Manufacturers struggle to meet sustainability goals
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Posted: 26 January 2021 | Joshua Minchin (New Food) | No comments yet
A survey of high-ranking figures in companies around the UK has revealed the majority of firms do have plans in place to become more sustainable, but just over a third have actually achieved any goals.
Thirty-three percent of operators in the manufacturing sector have seen their plans to become more sustainable halted by the pandemic
A YouGov survey of decision makers in small and medium sized companies has revealed that the manufacturing industry is one of the leading sectors in making sustainability plans, though the difficulties of 2020 have made meeting these goals even tougher.
Reducing the world’s emissions and slowing down climate change has become a top priority for countries around the world. The UK government recently set out its plan for a green industrial revolution to ensure the country reaches its 2050 net zero targets to reduce carbon emissions.
The survey, conducted in partnership with World Kinetic Energy Services, included managing directors and CEOs from over 12 different UK industries, including hospitality, construction, retail, medical and health, as well as manufacturing.
The study revealed that over half (57 percent) of UK manufacturing businesses have a sustainability plan in place to help reduce carbon emissions, and only 23 percent admitted to not having any future plans to introduce one.
Overall, 40 percent of the 1,021 UK SMEs surveyed do not have a plan in place to become more sustainable, with 30 percent not intending to put a net zero strategy in place at all. However, 53 percent do have a plan in place, and one they are hopeful to hit before the 2050 deadline. Saying this, only 34 percent have actually achieved any goals.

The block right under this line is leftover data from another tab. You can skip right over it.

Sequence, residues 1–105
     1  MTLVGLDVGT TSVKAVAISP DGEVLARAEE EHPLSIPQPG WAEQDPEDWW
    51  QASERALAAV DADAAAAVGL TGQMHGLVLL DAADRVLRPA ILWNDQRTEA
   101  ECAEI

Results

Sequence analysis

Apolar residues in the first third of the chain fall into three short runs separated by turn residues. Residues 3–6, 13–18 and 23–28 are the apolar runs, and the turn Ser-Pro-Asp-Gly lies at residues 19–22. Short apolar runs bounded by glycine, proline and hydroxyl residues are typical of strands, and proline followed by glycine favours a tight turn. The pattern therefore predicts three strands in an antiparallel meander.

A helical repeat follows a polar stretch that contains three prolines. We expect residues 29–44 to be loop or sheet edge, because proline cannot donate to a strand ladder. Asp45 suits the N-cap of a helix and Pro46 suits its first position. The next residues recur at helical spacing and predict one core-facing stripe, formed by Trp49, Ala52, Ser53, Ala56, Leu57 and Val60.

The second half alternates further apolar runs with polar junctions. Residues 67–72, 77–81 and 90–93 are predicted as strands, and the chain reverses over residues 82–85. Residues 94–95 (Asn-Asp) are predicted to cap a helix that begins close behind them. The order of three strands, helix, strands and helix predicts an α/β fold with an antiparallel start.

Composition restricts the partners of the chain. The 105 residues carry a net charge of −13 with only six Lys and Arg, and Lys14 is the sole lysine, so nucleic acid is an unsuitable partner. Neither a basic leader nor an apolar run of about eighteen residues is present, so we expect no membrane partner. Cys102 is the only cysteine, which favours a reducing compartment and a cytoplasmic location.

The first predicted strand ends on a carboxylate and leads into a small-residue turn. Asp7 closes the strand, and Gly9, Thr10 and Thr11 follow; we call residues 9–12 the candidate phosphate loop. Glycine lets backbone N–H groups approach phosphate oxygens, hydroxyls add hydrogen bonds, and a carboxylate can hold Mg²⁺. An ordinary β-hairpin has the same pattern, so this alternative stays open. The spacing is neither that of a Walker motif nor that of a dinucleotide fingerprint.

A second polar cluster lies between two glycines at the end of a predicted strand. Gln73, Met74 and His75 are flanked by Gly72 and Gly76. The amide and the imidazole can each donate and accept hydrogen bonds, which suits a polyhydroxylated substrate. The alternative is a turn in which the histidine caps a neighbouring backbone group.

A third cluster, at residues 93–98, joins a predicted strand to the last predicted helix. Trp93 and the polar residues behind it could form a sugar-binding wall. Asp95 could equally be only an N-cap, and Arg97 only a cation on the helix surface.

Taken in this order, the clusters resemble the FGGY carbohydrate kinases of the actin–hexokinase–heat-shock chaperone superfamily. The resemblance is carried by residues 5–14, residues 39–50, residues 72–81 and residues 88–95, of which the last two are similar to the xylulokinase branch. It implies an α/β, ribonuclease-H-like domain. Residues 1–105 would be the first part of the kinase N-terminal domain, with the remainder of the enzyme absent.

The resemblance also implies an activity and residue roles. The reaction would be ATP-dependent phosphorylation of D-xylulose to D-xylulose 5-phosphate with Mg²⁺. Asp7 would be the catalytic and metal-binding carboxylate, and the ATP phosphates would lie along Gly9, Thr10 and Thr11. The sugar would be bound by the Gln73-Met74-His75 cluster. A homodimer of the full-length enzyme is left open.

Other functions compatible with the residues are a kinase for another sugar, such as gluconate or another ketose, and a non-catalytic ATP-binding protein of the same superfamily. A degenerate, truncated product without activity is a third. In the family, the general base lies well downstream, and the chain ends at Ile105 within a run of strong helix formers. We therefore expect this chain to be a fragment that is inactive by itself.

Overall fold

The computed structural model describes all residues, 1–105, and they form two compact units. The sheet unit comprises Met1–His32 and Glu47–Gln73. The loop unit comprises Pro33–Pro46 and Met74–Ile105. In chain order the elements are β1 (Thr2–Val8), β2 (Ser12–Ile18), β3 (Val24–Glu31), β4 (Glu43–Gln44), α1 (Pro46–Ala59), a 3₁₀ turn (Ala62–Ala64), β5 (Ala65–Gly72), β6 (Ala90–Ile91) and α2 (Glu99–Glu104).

Barriers to sustainability
The study also sought to identify the barriers that could be preventing businesses from making further progress towards hitting sustainability targets, such as implementing energy saving solutions or adopting renewable energy technology.
Budget was cited as the biggest hurdle with almost half (47 percent) of manufacturing businesses saying financial costs are the largest barrier to sustainability/carbon neutrality.
A third (33 percent) of operators in the manufacturing sector have also seen their plans to become more sustainable halted by the COVID-19 pandemic, as priorities have shifted, or as a result of closure.
Commenting on the research findings, Senior Director of Global Sustainability at World Kinect Energy Services, Therese Gjerde, said: “Despite some sectors leading the way to reduce their carbon footprint, such as the manufacturing industry, we are still coming across so many businesses who simply aren’t ready for net zero, which is reflected in this independent research.
“The 2050 deadline for net zero is a lot closer than people think and it can take time to develop a realistic, achievable strategy and even longer to implement it. Organisations must act now and start their sustainability journey by developing a long-term emissions reduction strategy that will benefit their impact on the environment.
“Net zero targets could be brought forward, so ignoring the deadline may lead to penalties or larger pay outs further down the line.”